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UOB Group’s Economist Ho Woei Chen, CFA, assesses the recent measures by the PBoC aimed at supporting the SMEs.

Key Quotes

“The People’s Bank of China (PBoC) said on Monday (1 June) that it will begin to purchase uncollateralized loans to small & medium enterprises (SMEs) with maturities of at least six months, for loans made between March to December 2020. PBoC will purchase 40% of qualified loans using RMB400 billion special re-lending funds provided through a special purpose vehicle (SPV) and requires the banks to buy back the loans after one year.”

“Qualified financial institutions include city commercial banks, rural commercial banks, rural cooperatives and private banks. The new measure is expected to reduce banks’ capital requirements and allow them to lend more to SMEs as well as reduce funding costs as PBoC will not charge an interest for the loans.”

“Unlike the previous three rounds of re-lending facility totaling RMB1.8 trillion, this direct loan purchase will be interest rate-free compared to the interest rate of 2.5% for earlier relending. The PBoC also pointed out that the new measure will be more directed and ensure precise use of its monetary tools.”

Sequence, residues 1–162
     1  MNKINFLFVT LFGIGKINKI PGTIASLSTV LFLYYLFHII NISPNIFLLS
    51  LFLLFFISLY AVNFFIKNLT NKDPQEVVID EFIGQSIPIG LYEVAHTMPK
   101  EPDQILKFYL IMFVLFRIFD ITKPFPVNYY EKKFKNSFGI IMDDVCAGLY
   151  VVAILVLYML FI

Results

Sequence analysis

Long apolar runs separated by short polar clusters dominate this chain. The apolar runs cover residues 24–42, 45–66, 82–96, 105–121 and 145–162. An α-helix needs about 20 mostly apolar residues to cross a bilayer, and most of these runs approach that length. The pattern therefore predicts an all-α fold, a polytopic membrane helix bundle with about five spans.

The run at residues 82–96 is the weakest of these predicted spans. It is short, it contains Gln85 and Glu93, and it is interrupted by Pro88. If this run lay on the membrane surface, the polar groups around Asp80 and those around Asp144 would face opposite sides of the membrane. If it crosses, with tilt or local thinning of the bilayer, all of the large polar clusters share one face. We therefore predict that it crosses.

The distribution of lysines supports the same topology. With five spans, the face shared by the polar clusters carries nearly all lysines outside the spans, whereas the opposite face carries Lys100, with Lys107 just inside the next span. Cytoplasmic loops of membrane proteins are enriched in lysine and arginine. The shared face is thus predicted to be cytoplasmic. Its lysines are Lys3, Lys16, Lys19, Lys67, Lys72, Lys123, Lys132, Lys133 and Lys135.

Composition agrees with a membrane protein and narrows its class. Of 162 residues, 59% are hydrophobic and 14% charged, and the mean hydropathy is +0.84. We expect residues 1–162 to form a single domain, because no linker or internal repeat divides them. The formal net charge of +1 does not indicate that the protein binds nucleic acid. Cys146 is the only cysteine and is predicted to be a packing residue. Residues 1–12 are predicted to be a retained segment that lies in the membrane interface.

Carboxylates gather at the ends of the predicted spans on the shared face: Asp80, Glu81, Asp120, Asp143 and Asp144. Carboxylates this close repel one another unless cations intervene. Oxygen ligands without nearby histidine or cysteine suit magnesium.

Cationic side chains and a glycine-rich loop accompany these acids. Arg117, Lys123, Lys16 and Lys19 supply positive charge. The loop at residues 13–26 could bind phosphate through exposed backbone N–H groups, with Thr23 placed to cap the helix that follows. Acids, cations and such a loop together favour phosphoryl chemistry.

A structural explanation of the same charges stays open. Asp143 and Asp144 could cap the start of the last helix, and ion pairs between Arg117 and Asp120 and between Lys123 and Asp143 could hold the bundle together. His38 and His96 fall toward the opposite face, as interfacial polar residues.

“The new measures follow the announcement at the National People’s Congress (NPC) that SMEs can delay their interest and principal payments to the end of March 2021, from an original deadline on 30 June. The government also asked the big commercial banks to increase loans to SMEs by more than 40% this year, up from 30% in 2019. The PBoC repeated the call for banks to focus on directing credit to the real economy and SMEs.”

“The latest announcement signals PBoC’s intention to use more innovative monetary policy tools instead of relying on conventional interest rate and banks’ reserve requirement ratio (RRR) cuts to boost the economy as the interest rate and RRR are already at low levels.”

“Looking ahead, the easing inflation continues to provide some room for further cuts to the LPR though this is likely to be even more moderate as focus turns to direct and more targeted funding support. We have factored in another 30 bps cut to the 1Y LPR to 3.55% by end-4Q20. We also see room for another one to two rounds of RRR cut in the next 3-6 months to reduce funding costs and increase the room for banks to expand credit and absorb the RMB1 trillion of special treasury bonds issuance. However, we note that the space for RRR cuts for the smaller financial institutions has narrowed after earlier moves.”